As a phone, the S3 is perfectly fine – good solid reception for calls and fast HSPA speeds for data. The rest of the functionality is pretty much on par with the lastest Android handsets. I am a huge fan of the Android so no complaints. I’ve never really used many of the Samsung add-on programs/apps and I have to say I don’t really have much of an opinion on those.
The 8MP camera is very good and level with the One X and previous Galaxy handsets. They take good video as well though honestly, that’s not a function I use much.
The S3 uses the micro-SIM card similar to both the iPhone and the One X. The slot is available on the back of the device, under the plastic back plate below the removable battery. There is also a micro-SD card slot, and since the handset came with 16Gb built-in, I eventually put in a 32Gb Sandisk Class 10 UHS-1 card that works very well.
Battery life is very touch and go, similar to many smartphones. I have managed to drain the battery in a very quick amount of time (about ½ a day) with intense use. But I think in general, for normal use, battery life holds up. The battery can be swapped out so you can buy additional battery packs, though I prefer external batteries that can charge any device on the go (I own 4 such batteries). Besides, I’m mostly plugged into a charger at multiple times during a day (in the office, at home, and sometimes even in the car), so battery life isn’t really an issue for me.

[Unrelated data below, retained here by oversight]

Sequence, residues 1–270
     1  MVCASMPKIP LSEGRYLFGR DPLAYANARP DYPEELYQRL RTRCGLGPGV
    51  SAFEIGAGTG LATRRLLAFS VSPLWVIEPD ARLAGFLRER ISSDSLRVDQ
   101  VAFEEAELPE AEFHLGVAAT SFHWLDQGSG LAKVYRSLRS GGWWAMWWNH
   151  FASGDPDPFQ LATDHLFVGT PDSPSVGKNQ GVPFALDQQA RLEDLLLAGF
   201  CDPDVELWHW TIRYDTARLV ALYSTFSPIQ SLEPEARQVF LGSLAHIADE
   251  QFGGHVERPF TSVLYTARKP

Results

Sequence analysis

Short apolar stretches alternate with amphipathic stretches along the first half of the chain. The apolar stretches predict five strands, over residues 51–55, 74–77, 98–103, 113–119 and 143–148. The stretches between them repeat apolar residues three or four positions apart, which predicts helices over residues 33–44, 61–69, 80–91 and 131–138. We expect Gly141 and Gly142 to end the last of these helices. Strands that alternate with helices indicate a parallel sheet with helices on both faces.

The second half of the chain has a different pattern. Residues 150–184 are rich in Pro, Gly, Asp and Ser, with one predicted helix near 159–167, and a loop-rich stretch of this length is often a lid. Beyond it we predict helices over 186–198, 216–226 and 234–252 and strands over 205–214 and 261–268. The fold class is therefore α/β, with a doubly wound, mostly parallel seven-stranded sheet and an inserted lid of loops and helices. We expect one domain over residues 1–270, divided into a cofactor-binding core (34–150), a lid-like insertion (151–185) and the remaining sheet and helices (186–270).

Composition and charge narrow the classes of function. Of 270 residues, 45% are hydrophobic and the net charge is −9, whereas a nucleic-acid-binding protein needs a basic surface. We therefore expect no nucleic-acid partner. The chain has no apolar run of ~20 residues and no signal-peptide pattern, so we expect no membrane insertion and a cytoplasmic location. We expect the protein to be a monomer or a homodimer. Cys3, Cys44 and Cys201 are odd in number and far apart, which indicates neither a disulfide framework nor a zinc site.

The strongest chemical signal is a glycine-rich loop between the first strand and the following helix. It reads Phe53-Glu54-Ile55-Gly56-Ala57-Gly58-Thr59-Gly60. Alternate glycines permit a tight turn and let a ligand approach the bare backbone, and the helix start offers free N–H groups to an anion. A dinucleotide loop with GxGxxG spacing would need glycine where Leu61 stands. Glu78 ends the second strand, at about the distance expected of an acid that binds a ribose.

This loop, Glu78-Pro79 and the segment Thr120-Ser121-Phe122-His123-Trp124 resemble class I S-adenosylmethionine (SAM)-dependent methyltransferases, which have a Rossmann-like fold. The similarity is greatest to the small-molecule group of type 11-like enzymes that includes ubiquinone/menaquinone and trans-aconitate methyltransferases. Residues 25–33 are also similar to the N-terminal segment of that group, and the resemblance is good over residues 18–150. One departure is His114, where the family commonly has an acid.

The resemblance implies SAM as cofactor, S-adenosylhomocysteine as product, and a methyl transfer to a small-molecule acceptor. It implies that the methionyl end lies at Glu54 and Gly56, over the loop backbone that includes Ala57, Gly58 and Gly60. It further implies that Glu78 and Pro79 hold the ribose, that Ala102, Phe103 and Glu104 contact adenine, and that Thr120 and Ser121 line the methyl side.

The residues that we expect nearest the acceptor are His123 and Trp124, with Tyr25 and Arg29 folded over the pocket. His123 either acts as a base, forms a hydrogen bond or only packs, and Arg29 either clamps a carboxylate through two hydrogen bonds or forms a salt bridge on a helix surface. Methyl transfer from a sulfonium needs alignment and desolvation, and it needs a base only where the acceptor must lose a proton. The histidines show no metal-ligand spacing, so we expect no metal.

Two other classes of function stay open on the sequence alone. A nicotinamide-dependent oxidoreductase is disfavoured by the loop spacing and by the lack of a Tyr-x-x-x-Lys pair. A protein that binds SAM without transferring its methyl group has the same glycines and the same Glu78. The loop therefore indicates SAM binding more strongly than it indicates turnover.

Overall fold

theVooner says: Function Rating
4 out of 5 - A solid product, but the 'lag' issue which I can't resolve is an irritation.
Already the S3 has had a very warm reception with massive buzz behind the handset. For me, the easiest determination of a phones reception by the market is to look at the number of accessories available for it. Notably, I look at third-party covers for the phone. Hong Kong has a huge collection of phone covers for every handset, but the different variety of covers is determined by the popularity of the handset, and manufacturers are very quick to react. Well in just 3 weeks or so, the S3 has seen a significant number of covers being made for it and while not up to the number of iPhone covers yet, it is catching up and is definitely headed for a similar level of popularity.
Having said that, it’s clear this is Samsung’s current flagship and it is an impressive handset. I was though somewhat disappointed because of that “lag” I indicated when using the handset. It’s a slight annoyance, but still one which makes me somewhat more critical of the handset. In terms of built, I thought it was inferior to the more solid feel of the One X. Because the S3 is still new, I do think that the Galaxy Note (around 40% cheaper) and the One X (around 25% cheaper) now are perhaps better alternatives because you are getting handsets which are as good as the S3 at a much lower price. Of course, the S3 will likely be the near-term benchmark for Android handsets and I am sure it will do very well. But for me, I think I’ll switch back to the next generation Note with a bigger screen when it comes out.
theVooner says: Factor Rating
4 out of 5 – Destined to be Samsung's flagship handset, but a 'lag' in its usage, high price, and somewhat cheap built lets it down slightly. Might prefer the now much cheaper Galaxy Note or the One X instead.
Update 1: Several Android and Samsung updates still have not really fixed this lag issue. I think its just a flaw with the Samsung overlay.